How Sensitive Are Stocks To Interest Rates? Time to Find Out
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    HOUSE MEDIAN ASKING PRICES AND WEEKLY CHANGE     Sydney $1,599,192 (-0.51%)       Melbourne $986,501 (-0.24%)       Brisbane $938,846 (+0.04%)       Adelaide $864,470 (+0.79%)       Perth $822,991 (-0.13%)       Hobart $755,620 (-0.26%)       Darwin $665,693 (-0.13%)       Canberra $994,740 (+0.67%)       National $1,027,820 (-0.13%)                UNIT MEDIAN ASKING PRICES AND WEEKLY CHANGE     Sydney $746,448 (+0.19%)       Melbourne $495,247 (+0.53%)       Brisbane $534,081 (+1.16%)       Adelaide $409,697 (-2.19%)       Perth $437,258 (+0.97%)       Hobart $531,961 (+0.68%)       Darwin $367,399 (0%)       Canberra $499,766 (0%)       National $525,746 (+0.31%)                HOUSES FOR SALE AND WEEKLY CHANGE     Sydney 10,586 (+169)       Melbourne 15,093 (+456)       Brisbane 7,795 (+246)       Adelaide 2,488 (+77)       Perth 6,274 (+65)       Hobart 1,315 (+13)       Darwin 255 (+4)       Canberra 1,037 (+17)       National 44,843 (+1,047)                UNITS FOR SALE AND WEEKLY CHANGE     Sydney 8,675 (+47)       Melbourne 7,961 (+171)       Brisbane 1,636 (+24)       Adelaide 462 (+20)       Perth 1,749 (+2)       Hobart 206 (+4)       Darwin 384 (+2)       Canberra 914 (+19)       National 21,987 (+289)                HOUSE MEDIAN ASKING RENTS AND WEEKLY CHANGE     Sydney $770 (-$10)       Melbourne $590 (-$5)       Brisbane $620 ($0)       Adelaide $595 (-$5)       Perth $650 ($0)       Hobart $550 ($0)       Darwin $700 ($0)       Canberra $700 ($0)       National $654 (-$3)                UNIT MEDIAN ASKING RENTS AND WEEKLY CHANGE     Sydney $730 (+$10)       Melbourne $580 ($0)       Brisbane $620 ($0)       Adelaide $470 ($0)       Perth $600 ($0)       Hobart $460 (-$10)       Darwin $550 ($0)       Canberra $560 (-$5)       National $583 (+$1)                HOUSES FOR RENT AND WEEKLY CHANGE     Sydney 5,253 (-65)       Melbourne 5,429 (+1)       Brisbane 3,933 (-4)       Adelaide 1,178 (+17)       Perth 1,685 ($0)       Hobart 393 (+25)       Darwin 144 (+6)       Canberra 575 (-22)       National 18,590 (-42)                UNITS FOR RENT AND WEEKLY CHANGE     Sydney 6,894 (-176)       Melbourne 4,572 (-79)       Brisbane 1,991 (+1)       Adelaide 377 (+6)       Perth 590 (+3)       Hobart 152 (+6)       Darwin 266 (+10)       Canberra 525 (+8)       National 15,367 (-221)                HOUSE ANNUAL GROSS YIELDS AND TREND         Sydney 2.50% (↓)       Melbourne 3.11% (↓)       Brisbane 3.43% (↓)       Adelaide 3.58% (↓)     Perth 4.11% (↑)      Hobart 3.78% (↑)      Darwin 5.47% (↑)        Canberra 3.66% (↓)       National 3.31% (↓)            UNIT ANNUAL GROSS YIELDS AND TREND       Sydney 5.09% (↑)        Melbourne 6.09% (↓)       Brisbane 6.04% (↓)     Adelaide 5.97% (↑)        Perth 7.14% (↓)       Hobart 4.50% (↓)       Darwin 7.78% (↓)       Canberra 5.83% (↓)       National 5.76% (↓)            HOUSE RENTAL VACANCY RATES AND TREND       Sydney 0.7% (↑)      Melbourne 0.8% (↑)      Brisbane 0.4% (↑)      Adelaide 0.4% (↑)      Perth 1.2% (↑)      Hobart 0.6% (↑)      Darwin 1.1% (↑)      Canberra 0.7% (↑)      National 0.7% (↑)             UNIT RENTAL VACANCY RATES AND TREND       Sydney 0.9% (↑)      Melbourne 1.4% (↑)      Brisbane 0.7% (↑)      Adelaide 0.3% (↑)      Perth 0.4% (↑)      Hobart 1.5% (↑)      Darwin 0.8% (↑)      Canberra 1.3% (↑)        National 0.9% (↓)            AVERAGE DAYS TO SELL HOUSES AND TREND         Sydney 28.7 (↓)       Melbourne 30.7 (↓)       Brisbane 31.0 (↓)       Adelaide 25.4 (↓)       Perth 34.0 (↓)       Hobart 34.8 (↓)       Darwin 35.1 (↓)       Canberra 28.5 (↓)       National 31.0 (↓)            AVERAGE DAYS TO SELL UNITS AND TREND         Sydney 25.8 (↓)       Melbourne 30.2 (↓)       Brisbane 27.6 (↓)       Adelaide 21.8 (↓)       Perth 37.8 (↓)       Hobart 25.2 (↓)       Darwin 24.8 (↓)       Canberra 41.1 (↓)       National 29.3 (↓)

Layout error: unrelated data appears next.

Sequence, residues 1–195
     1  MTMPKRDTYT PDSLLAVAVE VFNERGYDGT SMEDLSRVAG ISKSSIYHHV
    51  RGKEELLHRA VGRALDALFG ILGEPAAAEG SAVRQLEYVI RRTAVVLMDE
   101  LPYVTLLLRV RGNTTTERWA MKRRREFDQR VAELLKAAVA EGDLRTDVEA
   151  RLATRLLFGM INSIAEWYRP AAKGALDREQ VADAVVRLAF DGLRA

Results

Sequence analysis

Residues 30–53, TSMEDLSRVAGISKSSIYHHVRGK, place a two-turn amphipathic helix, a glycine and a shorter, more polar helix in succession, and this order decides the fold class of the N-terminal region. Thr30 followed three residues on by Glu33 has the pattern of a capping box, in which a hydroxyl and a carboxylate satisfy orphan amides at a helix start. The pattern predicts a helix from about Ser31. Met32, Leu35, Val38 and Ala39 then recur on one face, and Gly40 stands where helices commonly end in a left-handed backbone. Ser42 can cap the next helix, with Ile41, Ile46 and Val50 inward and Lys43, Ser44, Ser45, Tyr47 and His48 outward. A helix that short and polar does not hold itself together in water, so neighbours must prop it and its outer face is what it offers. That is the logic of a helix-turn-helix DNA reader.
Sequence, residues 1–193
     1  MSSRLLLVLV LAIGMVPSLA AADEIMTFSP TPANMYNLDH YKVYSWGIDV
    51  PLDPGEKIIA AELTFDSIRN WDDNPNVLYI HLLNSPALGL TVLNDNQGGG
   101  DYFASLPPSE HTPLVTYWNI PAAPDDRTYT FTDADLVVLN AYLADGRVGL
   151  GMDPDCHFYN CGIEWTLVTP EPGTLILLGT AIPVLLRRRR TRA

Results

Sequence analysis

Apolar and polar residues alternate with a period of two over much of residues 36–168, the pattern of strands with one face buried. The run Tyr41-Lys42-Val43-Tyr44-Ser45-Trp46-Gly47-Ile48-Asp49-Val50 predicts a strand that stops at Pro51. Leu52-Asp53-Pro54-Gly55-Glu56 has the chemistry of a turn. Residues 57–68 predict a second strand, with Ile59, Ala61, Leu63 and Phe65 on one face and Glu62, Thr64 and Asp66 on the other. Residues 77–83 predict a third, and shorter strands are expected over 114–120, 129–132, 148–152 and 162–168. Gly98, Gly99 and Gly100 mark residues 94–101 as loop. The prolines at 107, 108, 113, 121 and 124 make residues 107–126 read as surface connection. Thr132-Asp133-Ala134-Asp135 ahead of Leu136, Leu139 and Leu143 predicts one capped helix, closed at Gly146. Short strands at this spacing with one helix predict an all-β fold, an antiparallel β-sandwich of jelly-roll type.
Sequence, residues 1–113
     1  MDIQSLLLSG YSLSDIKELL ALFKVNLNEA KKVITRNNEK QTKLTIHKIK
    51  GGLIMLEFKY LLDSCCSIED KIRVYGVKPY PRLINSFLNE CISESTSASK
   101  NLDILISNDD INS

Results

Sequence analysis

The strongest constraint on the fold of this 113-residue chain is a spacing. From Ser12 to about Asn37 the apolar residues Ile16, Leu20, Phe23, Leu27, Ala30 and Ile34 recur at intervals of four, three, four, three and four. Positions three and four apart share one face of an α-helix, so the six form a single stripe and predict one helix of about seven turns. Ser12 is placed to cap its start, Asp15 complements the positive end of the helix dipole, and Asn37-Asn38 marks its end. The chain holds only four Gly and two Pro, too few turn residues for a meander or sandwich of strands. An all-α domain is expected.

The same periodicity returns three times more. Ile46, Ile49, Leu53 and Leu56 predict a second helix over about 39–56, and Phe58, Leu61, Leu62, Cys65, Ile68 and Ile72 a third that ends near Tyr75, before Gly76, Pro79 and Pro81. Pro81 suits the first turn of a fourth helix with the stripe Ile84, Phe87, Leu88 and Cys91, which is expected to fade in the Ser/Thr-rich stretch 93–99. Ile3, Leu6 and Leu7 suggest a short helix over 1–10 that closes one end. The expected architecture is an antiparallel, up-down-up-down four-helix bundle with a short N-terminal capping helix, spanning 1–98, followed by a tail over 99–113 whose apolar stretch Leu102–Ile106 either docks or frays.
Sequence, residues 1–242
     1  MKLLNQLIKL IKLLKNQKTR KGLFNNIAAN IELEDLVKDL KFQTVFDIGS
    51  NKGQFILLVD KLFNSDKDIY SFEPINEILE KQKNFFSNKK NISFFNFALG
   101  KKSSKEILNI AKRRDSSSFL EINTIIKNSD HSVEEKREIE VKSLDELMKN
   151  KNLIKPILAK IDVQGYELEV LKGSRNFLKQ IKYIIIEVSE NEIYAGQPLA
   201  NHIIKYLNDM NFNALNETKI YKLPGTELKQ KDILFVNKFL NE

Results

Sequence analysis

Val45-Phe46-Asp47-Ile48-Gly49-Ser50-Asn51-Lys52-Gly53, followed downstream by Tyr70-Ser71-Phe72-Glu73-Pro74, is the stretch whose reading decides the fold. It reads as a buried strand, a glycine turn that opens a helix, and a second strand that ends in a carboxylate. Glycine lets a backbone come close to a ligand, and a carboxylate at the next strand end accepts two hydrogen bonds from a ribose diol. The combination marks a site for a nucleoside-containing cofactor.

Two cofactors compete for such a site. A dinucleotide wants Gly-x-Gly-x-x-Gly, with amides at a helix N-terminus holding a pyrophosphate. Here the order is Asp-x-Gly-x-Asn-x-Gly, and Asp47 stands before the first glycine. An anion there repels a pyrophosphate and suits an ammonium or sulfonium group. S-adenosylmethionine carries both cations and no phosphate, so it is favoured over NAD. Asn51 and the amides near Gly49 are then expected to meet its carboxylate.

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How Sensitive Are Stocks To Interest Rates? Time to Find Out